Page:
Welcome to the latest in our series of Sales Tax Institute faculty member profiles! I recently sat down to talk sales tax with Jordan Goodman, State and Local Tax Partner at the law firm Horwood Marcus & Berk Chartered in Chicago.
Jordan has been a Sales Tax Institute faculty member for a long time. He frequently teaches at our Advanced and Basics live courses, and his sincere enthusiasm for state and local tax resonates with our students. He’s a real expert on the subject, and I learn something new each time he presents at one of our courses.
I chatted with Jordan about his advice for young sales tax professionals, why he teaches for the Sales Tax Institute, and how he started his career in sales tax (would you believe it was Chicago pizza?).
Jordan: I started at Arthur Andersen in the mid-1980s, and one of the reasons why I joined was their phenomenal training. My dad had recommended I start my career at a big accounting firm, as they provide you with a lot of training in all types of industry and subject matter so that you can figure out what you want to do from there. I had never heard about state and local tax before joining Anderson.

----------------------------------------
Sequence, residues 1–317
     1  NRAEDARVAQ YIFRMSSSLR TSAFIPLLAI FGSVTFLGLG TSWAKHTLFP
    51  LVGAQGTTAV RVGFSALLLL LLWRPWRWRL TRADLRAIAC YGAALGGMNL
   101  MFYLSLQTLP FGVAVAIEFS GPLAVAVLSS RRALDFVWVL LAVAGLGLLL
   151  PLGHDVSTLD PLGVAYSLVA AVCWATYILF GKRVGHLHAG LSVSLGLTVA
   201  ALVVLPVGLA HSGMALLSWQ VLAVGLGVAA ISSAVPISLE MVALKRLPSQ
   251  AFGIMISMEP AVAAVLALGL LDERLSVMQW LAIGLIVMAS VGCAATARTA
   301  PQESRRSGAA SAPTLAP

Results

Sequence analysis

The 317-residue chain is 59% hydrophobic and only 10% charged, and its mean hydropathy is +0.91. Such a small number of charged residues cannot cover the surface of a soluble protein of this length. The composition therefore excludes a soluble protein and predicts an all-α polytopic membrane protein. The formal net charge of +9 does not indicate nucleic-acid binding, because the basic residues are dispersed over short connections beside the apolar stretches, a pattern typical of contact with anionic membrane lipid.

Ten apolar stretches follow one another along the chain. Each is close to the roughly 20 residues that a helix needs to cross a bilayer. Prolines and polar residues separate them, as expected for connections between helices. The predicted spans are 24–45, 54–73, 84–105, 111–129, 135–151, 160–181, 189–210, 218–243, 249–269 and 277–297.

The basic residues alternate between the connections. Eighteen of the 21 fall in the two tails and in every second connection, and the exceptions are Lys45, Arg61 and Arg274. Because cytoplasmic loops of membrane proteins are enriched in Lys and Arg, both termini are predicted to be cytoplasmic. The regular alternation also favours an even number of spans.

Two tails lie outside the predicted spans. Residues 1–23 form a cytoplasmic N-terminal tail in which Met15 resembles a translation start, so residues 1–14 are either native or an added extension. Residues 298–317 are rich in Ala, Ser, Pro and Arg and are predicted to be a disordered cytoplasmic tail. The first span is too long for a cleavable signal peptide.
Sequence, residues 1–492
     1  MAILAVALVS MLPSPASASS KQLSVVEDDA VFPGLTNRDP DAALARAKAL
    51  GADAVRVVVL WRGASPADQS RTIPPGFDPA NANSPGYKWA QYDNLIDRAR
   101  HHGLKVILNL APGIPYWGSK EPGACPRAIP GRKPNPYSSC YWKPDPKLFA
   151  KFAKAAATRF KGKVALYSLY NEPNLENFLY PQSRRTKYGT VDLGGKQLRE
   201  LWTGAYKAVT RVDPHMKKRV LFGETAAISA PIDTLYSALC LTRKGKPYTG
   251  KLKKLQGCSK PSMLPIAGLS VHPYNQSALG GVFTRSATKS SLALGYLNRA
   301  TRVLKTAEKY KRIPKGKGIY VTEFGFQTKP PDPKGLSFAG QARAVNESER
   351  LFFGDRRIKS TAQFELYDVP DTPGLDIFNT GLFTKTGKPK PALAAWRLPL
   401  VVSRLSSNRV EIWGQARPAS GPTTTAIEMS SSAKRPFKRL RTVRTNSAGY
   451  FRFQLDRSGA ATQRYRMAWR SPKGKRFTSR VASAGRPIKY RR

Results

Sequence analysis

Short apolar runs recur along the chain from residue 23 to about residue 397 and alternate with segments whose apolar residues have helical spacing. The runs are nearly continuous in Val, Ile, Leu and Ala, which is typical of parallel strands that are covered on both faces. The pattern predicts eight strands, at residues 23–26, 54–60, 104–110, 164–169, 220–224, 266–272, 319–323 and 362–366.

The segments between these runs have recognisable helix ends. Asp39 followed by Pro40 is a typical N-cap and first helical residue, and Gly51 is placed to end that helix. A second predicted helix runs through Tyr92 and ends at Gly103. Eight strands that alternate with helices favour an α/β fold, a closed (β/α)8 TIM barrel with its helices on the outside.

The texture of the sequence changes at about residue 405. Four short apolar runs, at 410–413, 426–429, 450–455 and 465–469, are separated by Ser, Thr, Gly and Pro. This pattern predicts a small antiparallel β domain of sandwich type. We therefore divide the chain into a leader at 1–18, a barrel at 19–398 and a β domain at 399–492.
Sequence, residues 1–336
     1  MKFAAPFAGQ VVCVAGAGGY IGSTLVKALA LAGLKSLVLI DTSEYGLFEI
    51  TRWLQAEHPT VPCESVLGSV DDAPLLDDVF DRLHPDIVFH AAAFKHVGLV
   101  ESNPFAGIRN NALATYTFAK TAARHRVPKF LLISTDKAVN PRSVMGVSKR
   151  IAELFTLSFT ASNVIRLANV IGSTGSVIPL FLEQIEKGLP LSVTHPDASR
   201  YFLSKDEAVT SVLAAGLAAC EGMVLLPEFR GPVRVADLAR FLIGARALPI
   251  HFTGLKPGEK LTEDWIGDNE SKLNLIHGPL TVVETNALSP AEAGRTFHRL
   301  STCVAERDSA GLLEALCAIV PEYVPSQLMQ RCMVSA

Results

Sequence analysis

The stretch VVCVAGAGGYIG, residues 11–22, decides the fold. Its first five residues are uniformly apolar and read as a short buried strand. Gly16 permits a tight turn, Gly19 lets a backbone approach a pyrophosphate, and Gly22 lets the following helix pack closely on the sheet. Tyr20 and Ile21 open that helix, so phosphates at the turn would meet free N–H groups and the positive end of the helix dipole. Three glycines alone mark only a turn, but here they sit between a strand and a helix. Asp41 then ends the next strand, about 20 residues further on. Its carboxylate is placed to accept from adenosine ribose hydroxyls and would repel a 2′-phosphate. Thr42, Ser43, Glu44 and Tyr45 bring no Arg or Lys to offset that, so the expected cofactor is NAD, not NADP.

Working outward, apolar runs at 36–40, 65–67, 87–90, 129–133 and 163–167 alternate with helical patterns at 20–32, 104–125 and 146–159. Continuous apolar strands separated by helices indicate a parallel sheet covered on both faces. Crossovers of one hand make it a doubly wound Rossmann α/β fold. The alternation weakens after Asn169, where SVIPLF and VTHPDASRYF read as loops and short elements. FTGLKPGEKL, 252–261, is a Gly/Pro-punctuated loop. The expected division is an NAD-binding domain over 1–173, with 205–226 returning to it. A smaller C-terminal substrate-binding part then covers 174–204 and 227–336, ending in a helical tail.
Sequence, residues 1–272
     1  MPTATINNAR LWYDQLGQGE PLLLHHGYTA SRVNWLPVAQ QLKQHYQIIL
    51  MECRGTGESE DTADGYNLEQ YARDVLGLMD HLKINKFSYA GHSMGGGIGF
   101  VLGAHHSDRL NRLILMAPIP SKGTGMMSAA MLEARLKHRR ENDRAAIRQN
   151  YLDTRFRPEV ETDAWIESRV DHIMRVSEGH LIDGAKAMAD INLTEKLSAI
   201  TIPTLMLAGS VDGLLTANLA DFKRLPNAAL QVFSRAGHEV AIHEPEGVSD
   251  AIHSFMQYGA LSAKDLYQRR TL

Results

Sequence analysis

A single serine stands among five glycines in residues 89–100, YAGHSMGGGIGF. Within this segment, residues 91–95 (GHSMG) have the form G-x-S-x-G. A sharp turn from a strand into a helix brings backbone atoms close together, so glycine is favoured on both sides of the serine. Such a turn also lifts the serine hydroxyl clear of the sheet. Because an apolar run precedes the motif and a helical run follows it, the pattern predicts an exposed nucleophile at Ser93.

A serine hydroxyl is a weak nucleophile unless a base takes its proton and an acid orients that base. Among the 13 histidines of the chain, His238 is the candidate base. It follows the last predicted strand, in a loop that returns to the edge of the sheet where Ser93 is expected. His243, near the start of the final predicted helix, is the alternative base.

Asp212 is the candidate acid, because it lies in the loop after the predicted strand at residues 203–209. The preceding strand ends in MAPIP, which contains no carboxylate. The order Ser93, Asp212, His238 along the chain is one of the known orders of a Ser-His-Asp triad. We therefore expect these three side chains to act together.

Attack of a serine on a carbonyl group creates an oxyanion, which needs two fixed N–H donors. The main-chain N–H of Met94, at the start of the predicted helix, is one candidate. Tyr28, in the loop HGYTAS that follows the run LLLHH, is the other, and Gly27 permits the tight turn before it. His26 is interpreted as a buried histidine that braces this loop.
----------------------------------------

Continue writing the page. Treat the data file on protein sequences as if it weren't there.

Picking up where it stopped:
I’d been there for about 6 months, and I had gone to just about all the training sessions because I had significant student loans and they always had plenty of free food. But after a bit, I started being a little more selective as to what training sessions I attended, as I grew tired of the typical deli tray or pastries for a meal. After a while, you went to a training session based on the food they offered. So, State and Local Tax had a get together one night. They were offering up Lou Malnati’s pizza, which happens to be my favorite. I showed up for the pizza and I got a career for life.